Green tea has the reputation of being one of the healthiest beverages you can drink and a study just released lends more credence to that claim. Researchers from The Ohio State University found consuming green tea extract for a month was able to lower blood sugar and improve gut health by reducing inflammation and gut permeability.
A total of 40 adults took part in the randomized, controlled, crossover trial which was a follow-up to a 2019 study that found lower obesity levels, improved gut health and fewer health risks in mice that consumed green tea supplements.
Half of the participants were considered healthy and half suffered from metabolic syndrome, which affects about a third of the adult American population. People with metabolic syndrome have at least three of five factors associated with an increase in the risk for heart disease, diabetes or other health problems. Those factors are excess belly fat, high blood pressure, low levels of HDL cholesterol, high levels of fasting blood glucose and high triglycerides, which is a type of fat in the blood.
The first part of the trial saw the participants consume catechin-rich green tea extract in the form of gummy candies daily for 28 days. That period was followed by a month with no supplements and then another 28 days with a placebo.
The daily amount of green tea extract they consumed equaled five cups of green tea. Researchers made sure the study participants had a diet low in polyphenols during the placebo and green-tea consumption periods. Polyphenols are naturally occurring antioxidants in fruits, vegetables, teas and spices and the purpose of avoiding them was so any study effects could be attributed to the green tea alone.
The results showed all participants had significantly lower fasting blood glucose levels after taking the green tea extract when compared to the placebo. They also had decreased gut inflammation which was measured through fecal samples.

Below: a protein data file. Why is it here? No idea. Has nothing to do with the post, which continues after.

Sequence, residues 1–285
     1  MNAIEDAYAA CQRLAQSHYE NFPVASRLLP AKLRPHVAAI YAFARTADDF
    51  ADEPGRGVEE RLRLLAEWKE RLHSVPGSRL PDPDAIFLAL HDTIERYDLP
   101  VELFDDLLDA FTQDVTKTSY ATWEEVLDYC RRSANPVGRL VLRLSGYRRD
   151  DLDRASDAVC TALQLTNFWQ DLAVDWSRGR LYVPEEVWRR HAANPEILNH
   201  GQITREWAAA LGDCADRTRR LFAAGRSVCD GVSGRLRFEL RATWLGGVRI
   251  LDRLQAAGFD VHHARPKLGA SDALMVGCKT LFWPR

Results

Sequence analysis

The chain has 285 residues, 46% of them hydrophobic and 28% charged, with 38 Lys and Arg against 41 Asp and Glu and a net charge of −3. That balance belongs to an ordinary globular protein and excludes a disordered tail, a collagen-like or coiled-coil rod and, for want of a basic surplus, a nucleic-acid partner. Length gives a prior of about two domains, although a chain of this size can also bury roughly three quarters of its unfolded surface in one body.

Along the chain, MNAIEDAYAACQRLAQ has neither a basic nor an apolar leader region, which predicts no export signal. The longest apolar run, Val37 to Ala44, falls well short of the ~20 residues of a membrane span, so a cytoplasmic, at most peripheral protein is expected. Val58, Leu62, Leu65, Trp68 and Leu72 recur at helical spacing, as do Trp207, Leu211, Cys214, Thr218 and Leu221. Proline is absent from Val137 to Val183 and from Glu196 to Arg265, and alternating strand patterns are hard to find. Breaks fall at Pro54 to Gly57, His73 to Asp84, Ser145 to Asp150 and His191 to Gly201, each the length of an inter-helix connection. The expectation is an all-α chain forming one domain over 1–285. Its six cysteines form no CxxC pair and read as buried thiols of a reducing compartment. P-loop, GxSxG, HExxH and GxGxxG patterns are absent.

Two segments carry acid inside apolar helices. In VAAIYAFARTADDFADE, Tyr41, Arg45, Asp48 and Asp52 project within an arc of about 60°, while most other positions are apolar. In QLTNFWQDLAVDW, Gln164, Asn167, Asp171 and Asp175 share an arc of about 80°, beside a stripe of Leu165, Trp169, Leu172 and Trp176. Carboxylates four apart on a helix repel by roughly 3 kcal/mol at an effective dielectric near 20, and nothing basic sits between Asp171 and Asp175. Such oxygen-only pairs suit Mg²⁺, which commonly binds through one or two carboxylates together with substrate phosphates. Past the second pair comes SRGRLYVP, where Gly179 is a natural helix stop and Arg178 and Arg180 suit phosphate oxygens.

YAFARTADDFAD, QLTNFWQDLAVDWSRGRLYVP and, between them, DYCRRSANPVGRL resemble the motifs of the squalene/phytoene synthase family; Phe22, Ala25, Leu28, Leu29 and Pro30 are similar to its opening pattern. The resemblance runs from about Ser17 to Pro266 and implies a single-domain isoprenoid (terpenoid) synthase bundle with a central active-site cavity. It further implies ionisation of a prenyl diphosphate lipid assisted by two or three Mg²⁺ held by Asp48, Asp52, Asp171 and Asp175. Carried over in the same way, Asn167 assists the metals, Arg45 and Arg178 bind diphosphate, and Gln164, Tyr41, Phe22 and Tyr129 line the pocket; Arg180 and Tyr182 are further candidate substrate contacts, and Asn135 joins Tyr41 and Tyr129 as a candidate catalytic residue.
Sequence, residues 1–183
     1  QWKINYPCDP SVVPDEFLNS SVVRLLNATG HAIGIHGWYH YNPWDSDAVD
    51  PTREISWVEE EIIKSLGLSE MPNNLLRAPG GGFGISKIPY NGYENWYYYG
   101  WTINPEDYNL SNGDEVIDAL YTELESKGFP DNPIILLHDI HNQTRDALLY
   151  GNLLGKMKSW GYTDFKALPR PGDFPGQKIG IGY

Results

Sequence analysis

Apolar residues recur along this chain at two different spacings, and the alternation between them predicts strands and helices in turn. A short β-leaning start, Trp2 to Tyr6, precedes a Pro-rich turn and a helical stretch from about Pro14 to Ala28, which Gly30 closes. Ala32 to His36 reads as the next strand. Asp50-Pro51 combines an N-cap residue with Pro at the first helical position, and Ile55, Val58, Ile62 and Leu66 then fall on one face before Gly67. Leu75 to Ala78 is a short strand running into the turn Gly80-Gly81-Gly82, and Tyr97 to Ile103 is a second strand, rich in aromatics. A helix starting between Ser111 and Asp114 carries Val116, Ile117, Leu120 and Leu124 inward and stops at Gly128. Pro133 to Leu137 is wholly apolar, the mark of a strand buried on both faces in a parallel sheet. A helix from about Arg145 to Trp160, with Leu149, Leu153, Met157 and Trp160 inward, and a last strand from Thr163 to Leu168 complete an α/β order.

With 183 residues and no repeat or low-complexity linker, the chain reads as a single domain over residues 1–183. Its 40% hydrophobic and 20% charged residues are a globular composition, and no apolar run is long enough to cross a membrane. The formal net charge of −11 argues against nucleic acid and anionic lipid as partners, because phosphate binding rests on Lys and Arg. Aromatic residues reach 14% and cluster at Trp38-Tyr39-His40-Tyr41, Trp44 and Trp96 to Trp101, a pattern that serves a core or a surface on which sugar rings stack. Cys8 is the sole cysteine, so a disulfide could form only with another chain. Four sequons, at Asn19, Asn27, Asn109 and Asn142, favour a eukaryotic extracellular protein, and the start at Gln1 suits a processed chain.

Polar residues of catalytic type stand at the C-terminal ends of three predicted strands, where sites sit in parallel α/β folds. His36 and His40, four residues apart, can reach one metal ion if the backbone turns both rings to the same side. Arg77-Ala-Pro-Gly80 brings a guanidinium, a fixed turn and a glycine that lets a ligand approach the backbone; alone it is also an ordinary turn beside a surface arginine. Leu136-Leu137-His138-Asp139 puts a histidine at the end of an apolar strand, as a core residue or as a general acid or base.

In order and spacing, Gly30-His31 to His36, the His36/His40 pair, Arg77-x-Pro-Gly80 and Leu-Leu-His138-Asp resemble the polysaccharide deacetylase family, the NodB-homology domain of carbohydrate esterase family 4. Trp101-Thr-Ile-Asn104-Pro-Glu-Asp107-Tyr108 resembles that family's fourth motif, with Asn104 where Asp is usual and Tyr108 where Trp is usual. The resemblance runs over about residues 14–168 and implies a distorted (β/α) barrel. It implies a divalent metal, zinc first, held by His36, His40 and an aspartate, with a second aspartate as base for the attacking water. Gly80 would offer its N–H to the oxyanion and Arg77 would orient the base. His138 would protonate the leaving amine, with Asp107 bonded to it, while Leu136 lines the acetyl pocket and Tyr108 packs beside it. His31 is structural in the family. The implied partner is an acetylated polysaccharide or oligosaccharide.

The green-tea consumption also correlated to less small intestine permeability (leaky gut). A leaky gut allows intestinal bacteria and other toxic compounds to enter the bloodstream which can trigger low-grade chronic inflammation.
"There is much evidence that greater consumption of green tea is associated with good levels of cholesterol, glucose and triglycerides, but no studies have linked its benefits at the gut to those health factors," said Richard Bruno, senior study author and professor of human nutrition at The Ohio State University. "What this tells us is that within one month we're able to lower blood glucose in both people with metabolic syndrome and healthy people, and the lowering of blood glucose appears to be related to decreasing leaky gut and decreasing gut inflammation—regardless of health status."
Bruno went on to say, "If we can improve gut integrity and reduce leaky gut, the thought is we'll be able to not only alleviate low-grade inflammation that initiates cardiometabolic disorders, but potentially reverse them."